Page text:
The History of the Labradoodle
The Labradoodle is a unique dog with a fascinating history beginning in the late 1980s (1988 or 1989...no definitive date has been established). The Labradoodle began with an inquiry from a visually-impaired woman in Hawaii who wanted a guide dog that wouldn’t cause her husband’s allergies to flare. She chose Australia due to the quarantine rules. (The island of Australia has very strict quarantine laws, moreso than those in Hawaii. Therefore, dogs exported to Hawaii could go home with no quarantine.)
In response to the woman’s request, roughly thirty Poodle hair and saliva samples were sent to Hawaii to test for allergy friendliness over a two year period of time. Unfortunately, none of those original samples proved successful. Following the failure of these samples, a man named Wally Conren suggested crossing a Labrador Retriever with a Standard Poodle to the manager of the Australian Guide Dog Association. Approval was granted and his first litter produced three puppies. Wally gave the resulting cross the name still in use today - Labradoodle. Hair and saliva samples from the three puppies were sent to Hawaii for testing once again. And this time, the samples from a puppy named Sultan were successful!
After the success of the first mating, Mr. Conren bred Labradoodle to Labradoodle and called the subsequent offspring “Double Doodles.” Next, he crossed the Double Doodles and called the offspring “Tri Doodles.” These were the precursor to what we call today the Australian Multi-Generational (or Multi-Gen) Labradoodles.
When Wally Conren retired, a veterinarian named Kate Schoeffel (Kate’s Family Pets) from Condoblin New South Wales, Australia, who had been in touch with him, started her own breeding program mating Miniature Poodles with Labrador Retrievers. Her success was such that she is still breeding her Miniature first generation Labradoodles today.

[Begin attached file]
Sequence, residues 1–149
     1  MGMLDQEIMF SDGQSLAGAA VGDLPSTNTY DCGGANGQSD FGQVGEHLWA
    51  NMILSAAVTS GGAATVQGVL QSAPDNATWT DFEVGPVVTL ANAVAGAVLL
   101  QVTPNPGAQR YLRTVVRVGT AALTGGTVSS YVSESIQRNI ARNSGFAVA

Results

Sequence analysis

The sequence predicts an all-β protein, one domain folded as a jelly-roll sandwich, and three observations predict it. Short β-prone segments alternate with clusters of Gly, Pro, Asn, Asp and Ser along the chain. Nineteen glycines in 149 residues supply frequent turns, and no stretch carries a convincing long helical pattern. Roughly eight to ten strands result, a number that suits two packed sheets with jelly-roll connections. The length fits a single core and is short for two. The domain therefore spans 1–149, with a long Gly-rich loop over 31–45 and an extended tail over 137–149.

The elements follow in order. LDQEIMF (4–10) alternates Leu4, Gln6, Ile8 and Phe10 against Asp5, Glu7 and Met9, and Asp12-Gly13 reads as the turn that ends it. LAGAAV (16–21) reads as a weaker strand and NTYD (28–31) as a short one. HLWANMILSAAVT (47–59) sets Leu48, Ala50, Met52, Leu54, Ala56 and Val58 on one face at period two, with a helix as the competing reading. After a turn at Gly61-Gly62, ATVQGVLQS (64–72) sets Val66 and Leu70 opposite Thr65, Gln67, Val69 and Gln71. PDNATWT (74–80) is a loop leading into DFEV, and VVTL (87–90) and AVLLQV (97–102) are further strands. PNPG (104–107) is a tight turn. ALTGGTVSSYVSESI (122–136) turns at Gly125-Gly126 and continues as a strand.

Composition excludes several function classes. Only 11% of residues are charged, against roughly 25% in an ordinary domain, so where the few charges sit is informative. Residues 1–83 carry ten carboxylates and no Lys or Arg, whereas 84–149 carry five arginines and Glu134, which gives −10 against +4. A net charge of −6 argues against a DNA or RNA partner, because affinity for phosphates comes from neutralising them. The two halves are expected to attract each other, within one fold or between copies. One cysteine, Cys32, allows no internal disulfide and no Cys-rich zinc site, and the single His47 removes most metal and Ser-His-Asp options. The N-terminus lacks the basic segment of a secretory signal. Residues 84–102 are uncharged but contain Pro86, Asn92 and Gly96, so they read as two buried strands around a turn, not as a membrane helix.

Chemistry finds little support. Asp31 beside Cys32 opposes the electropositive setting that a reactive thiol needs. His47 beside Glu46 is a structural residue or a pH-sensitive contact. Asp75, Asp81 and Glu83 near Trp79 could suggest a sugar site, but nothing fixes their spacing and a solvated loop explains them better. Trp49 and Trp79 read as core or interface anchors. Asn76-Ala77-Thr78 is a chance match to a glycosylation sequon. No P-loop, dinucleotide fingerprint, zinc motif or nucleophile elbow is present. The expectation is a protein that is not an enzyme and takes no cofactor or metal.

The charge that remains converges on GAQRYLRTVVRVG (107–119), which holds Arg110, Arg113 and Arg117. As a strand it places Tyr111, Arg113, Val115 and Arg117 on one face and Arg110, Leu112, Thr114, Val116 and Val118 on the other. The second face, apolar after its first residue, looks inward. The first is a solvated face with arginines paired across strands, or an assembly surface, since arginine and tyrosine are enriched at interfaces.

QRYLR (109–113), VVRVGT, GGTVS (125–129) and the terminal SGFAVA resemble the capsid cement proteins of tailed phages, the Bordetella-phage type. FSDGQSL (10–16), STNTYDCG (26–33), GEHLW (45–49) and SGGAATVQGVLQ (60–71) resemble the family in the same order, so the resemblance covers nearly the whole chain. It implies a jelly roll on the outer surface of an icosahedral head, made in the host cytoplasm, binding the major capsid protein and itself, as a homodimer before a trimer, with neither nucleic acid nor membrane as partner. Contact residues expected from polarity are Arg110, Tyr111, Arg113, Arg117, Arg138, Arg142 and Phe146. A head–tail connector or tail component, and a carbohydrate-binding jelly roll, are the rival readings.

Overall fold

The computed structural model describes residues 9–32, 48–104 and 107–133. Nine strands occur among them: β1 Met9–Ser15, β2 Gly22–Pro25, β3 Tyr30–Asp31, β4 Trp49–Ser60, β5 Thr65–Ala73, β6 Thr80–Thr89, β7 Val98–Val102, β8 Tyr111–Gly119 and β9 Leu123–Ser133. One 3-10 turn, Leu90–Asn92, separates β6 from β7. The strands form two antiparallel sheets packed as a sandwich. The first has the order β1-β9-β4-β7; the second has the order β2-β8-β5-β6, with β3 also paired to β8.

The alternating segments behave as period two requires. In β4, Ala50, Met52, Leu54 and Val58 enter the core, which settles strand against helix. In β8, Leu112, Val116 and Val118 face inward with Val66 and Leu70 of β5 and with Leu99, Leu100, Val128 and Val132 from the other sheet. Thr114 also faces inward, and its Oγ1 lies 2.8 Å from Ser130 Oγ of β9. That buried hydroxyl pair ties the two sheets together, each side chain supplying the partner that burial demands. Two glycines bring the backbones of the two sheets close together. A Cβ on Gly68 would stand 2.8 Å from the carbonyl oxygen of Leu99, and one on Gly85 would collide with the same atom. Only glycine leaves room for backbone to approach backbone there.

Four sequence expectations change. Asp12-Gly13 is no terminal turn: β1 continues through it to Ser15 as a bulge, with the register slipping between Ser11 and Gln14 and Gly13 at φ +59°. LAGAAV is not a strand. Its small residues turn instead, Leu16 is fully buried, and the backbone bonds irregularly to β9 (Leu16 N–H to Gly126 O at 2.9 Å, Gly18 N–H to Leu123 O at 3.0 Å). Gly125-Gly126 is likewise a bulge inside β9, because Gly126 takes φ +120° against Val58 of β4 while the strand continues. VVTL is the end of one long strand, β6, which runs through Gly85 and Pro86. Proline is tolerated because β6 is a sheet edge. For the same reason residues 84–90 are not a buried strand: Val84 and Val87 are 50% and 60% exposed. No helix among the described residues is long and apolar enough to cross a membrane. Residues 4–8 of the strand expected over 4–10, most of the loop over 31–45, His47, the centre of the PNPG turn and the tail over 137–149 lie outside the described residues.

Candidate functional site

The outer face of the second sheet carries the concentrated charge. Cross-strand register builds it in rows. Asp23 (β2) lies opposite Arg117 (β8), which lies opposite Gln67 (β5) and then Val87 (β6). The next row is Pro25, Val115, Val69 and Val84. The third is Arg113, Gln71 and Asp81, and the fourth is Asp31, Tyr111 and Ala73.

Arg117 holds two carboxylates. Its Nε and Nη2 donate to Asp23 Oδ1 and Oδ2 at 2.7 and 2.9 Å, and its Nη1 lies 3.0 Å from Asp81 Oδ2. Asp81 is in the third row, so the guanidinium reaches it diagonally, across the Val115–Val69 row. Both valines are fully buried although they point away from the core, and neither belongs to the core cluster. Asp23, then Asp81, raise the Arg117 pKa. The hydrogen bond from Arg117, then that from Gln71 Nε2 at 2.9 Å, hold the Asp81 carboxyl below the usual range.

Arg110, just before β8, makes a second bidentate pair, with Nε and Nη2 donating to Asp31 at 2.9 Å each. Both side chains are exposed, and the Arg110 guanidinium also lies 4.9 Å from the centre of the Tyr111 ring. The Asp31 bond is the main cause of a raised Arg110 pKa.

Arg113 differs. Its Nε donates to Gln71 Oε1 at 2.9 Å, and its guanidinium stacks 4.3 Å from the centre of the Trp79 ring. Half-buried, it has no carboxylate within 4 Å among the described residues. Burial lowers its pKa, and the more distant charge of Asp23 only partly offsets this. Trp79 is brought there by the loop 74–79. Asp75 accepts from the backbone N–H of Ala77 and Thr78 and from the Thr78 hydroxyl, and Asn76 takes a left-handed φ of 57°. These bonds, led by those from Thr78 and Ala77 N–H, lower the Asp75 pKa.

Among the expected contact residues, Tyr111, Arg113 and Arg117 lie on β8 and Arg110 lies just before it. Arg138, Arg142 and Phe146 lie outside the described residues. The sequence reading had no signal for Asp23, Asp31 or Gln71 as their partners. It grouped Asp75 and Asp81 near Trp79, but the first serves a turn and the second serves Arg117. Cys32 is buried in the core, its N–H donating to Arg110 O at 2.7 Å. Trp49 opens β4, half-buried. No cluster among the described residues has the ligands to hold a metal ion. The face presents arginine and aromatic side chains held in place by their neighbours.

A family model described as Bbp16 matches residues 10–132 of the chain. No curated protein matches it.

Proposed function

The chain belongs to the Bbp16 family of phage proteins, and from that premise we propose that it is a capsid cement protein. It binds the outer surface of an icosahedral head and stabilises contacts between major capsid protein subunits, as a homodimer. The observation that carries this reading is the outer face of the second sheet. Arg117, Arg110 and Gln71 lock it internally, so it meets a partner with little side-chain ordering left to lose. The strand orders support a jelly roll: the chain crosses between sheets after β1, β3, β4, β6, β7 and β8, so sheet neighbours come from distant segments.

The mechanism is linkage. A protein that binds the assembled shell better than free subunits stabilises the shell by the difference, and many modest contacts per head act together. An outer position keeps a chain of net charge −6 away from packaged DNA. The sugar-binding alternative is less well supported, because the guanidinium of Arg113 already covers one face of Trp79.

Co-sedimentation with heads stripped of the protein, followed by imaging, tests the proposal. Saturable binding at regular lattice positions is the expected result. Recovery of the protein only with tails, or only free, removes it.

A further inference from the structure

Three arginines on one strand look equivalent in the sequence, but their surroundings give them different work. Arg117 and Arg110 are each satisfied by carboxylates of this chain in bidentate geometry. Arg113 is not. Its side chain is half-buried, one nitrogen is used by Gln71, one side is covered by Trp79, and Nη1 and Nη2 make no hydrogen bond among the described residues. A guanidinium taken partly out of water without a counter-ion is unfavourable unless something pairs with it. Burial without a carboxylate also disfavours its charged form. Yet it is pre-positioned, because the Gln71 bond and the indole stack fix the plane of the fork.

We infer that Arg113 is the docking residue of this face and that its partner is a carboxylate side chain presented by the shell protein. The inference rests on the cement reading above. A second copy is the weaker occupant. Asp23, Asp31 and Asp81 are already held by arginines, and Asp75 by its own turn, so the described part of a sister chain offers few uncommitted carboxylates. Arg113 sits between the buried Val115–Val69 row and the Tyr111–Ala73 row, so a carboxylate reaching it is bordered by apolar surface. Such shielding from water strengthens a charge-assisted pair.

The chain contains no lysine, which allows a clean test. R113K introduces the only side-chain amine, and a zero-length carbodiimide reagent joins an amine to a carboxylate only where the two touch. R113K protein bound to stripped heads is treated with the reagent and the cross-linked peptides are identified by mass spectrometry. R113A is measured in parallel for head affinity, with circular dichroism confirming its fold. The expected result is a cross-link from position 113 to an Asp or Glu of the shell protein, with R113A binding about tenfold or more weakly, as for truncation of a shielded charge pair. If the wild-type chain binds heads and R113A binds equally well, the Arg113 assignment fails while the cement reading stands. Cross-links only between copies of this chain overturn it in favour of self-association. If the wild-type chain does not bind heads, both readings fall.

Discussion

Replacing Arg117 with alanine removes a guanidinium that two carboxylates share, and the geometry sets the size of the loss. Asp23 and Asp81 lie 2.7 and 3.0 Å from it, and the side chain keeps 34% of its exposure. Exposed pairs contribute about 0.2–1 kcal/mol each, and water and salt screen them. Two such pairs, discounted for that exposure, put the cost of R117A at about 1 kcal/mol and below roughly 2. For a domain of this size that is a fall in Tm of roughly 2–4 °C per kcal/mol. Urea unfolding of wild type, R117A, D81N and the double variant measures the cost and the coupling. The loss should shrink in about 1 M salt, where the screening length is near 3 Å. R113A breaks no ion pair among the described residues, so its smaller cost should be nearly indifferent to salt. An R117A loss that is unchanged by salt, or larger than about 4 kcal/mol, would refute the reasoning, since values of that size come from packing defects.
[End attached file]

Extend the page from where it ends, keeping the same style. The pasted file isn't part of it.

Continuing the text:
A couple of years after Mr. Conren’s initial success, a man who bred puppies for pet shops started to breed these rather handsome Labradoodles. And with what we would today call 20/20 hindsight, he bred the Labradoodle back to a Poodle and Labradoodle to Labradoodle. Unfortunately, he wasn’t good at record keeping since his primary goal was breeding family pets. He didn’t recognize the non-shedding and hypoallergenic potential of these dogs. He did, however, continue breeding his first- and second-generation Labradoodles for a few years before retiring.
The Australian Guide Dog Association was having very little success as well. They, too, didn’t recognize the mutated gene which develops the allergy=friendly Labradoodle of today.
However, even with the limited success the few original pioneering breeders had at the time, interest in the Labradoodle was strong enough for a few visionaries to start breeding them with an intentional plan in mind. Within a few short years, other breeders followed, and what they developed is the Australian Multi-Generational Labradoodle we recognize today.
The primary draw to the Labradoodle is the low- and non-shedding coats. People quickly discovered, however, that they possess a wonderful disposition. The Labradoodle’s future was set.